The Sparks Brothers film and going your own way.

Posted by Julia Ogden on

A while ago I watched "The Sparks Brothers' film. I half wrote this blog post and then left it sleeping as I wasn't sure how it fitted with my other posts.

Anyway on a reread it is quite nice, so...

Probably like most people I only knew a handful of Sparks hits.  I remember seeing them perform "This Town ain't big enough for the both of us" on "Sounds of the Seventies" and thinking what the heck was that?

For those that haven't seen this unusual duo; I will describe... they are two brothers; one on a keyboard and one on vocals and flamboyant dancing duties. The brother on the keyboard looks sternly into the camera in all performances. The contrast between them is so strange.

The film stayed with me for days, not because of their strangeness ironically but because of self depreciation, humour (yes from the stern one! ) and pursuit of art rather than commercial success.

I began to think how that applies to my own art. I started out years ago painting landscapes with elements of abstraction or room to breath in them. They were loose minimal pieces about colour and shape. Sometimes of Brighton (where I was living at the time) and sometimes just of imagined places.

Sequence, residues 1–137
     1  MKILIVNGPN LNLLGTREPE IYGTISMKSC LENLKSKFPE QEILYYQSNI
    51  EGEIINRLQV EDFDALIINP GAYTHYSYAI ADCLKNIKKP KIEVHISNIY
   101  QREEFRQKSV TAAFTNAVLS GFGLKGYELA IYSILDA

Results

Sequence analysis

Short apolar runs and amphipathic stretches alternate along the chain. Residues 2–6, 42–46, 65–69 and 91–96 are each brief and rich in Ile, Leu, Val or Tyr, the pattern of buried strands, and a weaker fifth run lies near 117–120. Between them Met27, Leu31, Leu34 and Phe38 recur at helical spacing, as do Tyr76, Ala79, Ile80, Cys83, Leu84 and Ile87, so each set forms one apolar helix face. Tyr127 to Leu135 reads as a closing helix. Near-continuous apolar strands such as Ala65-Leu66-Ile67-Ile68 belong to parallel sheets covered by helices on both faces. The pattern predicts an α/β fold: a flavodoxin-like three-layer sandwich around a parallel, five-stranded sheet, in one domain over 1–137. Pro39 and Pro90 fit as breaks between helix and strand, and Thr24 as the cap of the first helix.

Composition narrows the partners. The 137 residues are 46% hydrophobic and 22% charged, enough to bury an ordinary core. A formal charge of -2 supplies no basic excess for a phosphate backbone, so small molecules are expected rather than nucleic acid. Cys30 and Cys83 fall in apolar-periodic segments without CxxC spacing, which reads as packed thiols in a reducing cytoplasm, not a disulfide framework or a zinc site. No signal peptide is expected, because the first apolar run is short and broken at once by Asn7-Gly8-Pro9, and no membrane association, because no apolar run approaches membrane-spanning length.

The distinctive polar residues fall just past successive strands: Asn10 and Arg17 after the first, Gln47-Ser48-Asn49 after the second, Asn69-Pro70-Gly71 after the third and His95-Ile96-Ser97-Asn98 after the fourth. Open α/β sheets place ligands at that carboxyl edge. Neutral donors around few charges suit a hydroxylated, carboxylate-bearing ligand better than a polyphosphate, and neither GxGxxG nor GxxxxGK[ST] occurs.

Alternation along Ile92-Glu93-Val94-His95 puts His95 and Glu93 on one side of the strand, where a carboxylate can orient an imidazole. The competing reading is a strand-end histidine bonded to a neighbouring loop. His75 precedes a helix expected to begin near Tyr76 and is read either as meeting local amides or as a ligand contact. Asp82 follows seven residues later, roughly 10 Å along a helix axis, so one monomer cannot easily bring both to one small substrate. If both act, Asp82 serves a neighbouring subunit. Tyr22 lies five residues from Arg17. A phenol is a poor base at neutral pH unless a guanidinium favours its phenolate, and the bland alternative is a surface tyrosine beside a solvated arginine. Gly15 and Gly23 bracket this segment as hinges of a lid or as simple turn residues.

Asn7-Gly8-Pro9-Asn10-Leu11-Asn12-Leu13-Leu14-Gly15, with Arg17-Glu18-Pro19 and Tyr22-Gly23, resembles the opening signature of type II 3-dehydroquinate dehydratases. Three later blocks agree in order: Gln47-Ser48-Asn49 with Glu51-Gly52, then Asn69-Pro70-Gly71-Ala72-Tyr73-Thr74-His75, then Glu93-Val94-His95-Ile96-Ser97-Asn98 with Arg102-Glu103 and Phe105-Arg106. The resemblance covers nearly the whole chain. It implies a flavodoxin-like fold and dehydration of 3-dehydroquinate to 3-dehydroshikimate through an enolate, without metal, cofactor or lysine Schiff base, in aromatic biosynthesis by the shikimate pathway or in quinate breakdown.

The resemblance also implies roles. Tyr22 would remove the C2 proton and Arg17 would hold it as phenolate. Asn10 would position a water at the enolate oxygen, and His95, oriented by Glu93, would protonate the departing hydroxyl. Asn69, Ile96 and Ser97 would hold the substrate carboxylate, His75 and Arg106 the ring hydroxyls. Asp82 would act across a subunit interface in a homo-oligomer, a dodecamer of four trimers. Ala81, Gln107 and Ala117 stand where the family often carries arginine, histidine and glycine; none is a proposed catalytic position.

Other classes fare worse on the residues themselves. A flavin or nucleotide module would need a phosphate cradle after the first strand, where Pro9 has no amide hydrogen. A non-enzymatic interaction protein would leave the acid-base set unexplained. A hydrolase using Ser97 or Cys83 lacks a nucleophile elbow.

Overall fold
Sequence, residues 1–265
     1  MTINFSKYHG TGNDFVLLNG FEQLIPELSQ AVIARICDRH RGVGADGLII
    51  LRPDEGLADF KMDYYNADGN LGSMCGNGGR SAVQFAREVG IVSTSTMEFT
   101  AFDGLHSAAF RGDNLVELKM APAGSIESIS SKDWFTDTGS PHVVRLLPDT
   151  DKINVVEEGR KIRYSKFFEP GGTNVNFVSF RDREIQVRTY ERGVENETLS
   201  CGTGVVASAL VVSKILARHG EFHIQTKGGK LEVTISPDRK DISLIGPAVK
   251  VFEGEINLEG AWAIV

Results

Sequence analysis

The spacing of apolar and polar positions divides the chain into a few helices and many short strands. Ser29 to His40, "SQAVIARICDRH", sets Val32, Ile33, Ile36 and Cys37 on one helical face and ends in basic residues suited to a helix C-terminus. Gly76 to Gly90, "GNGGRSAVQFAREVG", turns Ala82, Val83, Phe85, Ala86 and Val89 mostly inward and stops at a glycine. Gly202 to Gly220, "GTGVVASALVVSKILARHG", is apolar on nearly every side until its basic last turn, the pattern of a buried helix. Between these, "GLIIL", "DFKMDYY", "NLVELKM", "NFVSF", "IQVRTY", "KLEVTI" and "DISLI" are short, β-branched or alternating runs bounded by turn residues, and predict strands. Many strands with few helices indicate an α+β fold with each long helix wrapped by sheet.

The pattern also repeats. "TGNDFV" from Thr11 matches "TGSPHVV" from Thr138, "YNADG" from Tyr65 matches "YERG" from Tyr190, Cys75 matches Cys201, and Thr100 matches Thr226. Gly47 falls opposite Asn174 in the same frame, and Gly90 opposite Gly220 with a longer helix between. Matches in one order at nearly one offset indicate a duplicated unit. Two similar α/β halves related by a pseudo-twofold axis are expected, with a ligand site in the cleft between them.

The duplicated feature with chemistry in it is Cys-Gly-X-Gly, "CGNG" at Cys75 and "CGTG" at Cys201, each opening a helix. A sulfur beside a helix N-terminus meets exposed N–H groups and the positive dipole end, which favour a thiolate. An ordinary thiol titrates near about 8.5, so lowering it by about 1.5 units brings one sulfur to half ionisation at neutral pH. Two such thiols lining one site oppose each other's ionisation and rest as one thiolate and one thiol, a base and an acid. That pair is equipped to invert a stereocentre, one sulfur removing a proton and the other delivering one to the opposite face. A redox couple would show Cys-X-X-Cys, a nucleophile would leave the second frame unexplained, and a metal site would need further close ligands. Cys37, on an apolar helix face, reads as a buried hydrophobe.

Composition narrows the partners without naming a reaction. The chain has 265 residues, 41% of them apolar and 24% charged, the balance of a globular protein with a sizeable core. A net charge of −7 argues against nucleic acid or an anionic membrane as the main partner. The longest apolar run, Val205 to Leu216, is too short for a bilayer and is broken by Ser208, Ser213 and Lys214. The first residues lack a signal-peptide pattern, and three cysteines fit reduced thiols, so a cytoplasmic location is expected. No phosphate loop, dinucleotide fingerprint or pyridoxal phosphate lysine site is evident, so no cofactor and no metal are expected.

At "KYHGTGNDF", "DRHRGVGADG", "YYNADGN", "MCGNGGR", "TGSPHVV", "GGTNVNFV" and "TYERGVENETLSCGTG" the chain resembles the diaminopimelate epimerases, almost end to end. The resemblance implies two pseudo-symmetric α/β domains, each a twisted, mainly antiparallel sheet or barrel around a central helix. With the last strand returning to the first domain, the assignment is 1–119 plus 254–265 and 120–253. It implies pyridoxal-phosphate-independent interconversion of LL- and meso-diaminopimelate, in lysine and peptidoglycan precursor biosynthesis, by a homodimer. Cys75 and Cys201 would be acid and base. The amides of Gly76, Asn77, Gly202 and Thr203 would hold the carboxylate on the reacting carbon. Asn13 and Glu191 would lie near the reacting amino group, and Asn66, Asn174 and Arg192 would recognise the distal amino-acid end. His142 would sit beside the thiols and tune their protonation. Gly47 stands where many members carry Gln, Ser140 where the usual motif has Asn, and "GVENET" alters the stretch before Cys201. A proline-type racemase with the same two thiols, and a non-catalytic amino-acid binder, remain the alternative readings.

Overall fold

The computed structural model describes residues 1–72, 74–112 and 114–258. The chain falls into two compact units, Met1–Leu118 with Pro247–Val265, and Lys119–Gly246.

As time went on I worked for galleries and they made suggestions of what I could paint. Eager to please and make a career out of things I worked hard at fulfilling their requests. My work became commercially successful, and I started to make a certain amount of paintings per month for a publishing company and got a regular wage that way.

But. Fashions and tastes change and my sales began to drop. The recession happened. The company didn't really know what they wanted from me and I was still stuck trying to please them. I didn't really know what my style was.

So the regular work from them stopped and it did take me quite a long time to find my feet again. This came with a move back to Yorkshire. Having my feet in the north seemed to inspire me. I began painting landscapes again. They were a bit more sophisticated than my very early ones (I had completed a teaching course by that time and because I was teaching techniques I was learning techniques). But they still focussed on colour, shape and space to breath. So that brings me back to Sparks; they have always done what is in their heart and worked tirelessly at it. They have made 26 albums! And I really feel I am painting from the heart rather than second guessing what people would like. It feels good; like a breath of fresh air.

My most recent painting. I enjoyed being lost in the mist (and not putting everything in).


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